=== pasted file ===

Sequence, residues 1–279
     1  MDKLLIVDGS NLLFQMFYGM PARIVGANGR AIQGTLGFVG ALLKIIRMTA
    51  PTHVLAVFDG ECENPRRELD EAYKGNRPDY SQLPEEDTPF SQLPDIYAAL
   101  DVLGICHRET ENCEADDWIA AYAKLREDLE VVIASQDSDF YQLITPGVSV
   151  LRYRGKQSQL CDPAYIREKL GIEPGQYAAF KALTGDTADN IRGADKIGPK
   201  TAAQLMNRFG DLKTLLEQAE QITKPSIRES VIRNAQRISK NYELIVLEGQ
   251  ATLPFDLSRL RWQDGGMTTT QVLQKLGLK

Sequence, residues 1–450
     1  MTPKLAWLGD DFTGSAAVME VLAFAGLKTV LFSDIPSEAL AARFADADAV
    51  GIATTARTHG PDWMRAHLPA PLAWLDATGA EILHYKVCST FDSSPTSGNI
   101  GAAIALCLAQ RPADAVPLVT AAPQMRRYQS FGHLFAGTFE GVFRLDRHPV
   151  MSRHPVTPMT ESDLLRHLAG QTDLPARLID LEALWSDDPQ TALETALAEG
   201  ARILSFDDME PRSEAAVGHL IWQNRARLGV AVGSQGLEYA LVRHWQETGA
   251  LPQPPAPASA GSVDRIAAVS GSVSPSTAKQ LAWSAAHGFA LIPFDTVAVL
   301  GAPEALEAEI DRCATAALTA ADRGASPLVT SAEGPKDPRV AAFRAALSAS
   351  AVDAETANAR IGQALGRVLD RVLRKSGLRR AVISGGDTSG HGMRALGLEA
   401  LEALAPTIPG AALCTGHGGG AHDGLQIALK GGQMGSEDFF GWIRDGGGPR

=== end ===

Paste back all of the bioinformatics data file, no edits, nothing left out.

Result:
Sequence, residues 1–279
     1  MDKLLIVDGS NLLFQMFYGM PARIVGANGR AIQGTLGFVG ALLKIIRMTA
    51  PTHVLAVFDG ECENPRRELD EAYKGNRPDY SQLPEEDTPF SQLPDIYAAL
   101  DVLGICHRET ENCEADDWIA AYAKLREDLE VVIASQDSDF YQLITPGVSV
   151  LRYRGKQSQL CDPAYIREKL GIEPGQYAAF KALTGDTADN IRGADKIGPK
   201  TAAQLMNRFG DLKTLLEQAE QITKPSIRES VIRNAQRISK NYELIVLEGQ
   251  ATLPFDLSRL RWQDGGMTTT QVLQKLGLK

Sequence, residues 1–450
     1  MTPKLAWLGD DFTGSAAVME VLAFAGLKTV LFSDIPSEAL AARFADADAV
    51  GIATTARTHG PDWMRAHLPA PLAWLDATGA EILHYKVCST FDSSPTSGNI
   101  GAAIALCLAQ RPADAVPLVT AAPQMRRYQS FGHLFAGTFE GVFRLDRHPV
   151  MSRHPVTPMT ESDLLRHLAG QTDLPARLID LEALWSDDPQ TALETALAEG
   201  ARILSFDDME PRSEAAVGHL IWQNRARLGV AVGSQGLEYA LVRHWQETGA
   251  LPQPPAPASA GSVDRIAAVS GSVSPSTAKQ LAWSAAHGFA LIPFDTVAVL
   301  GAPEALEAEI DRCATAALTA ADRGASPLVT SAEGPKDPRV AAFRAALSAS
   351  AVDAETANAR IGQALGRVLD RVLRKSGLRR AVISGGDTSG HGMRALGLEA
   401  LEALAPTIPG AALCTGHGGG AHDGLQIALK GGQMGSEDFF GWIRDGGGPR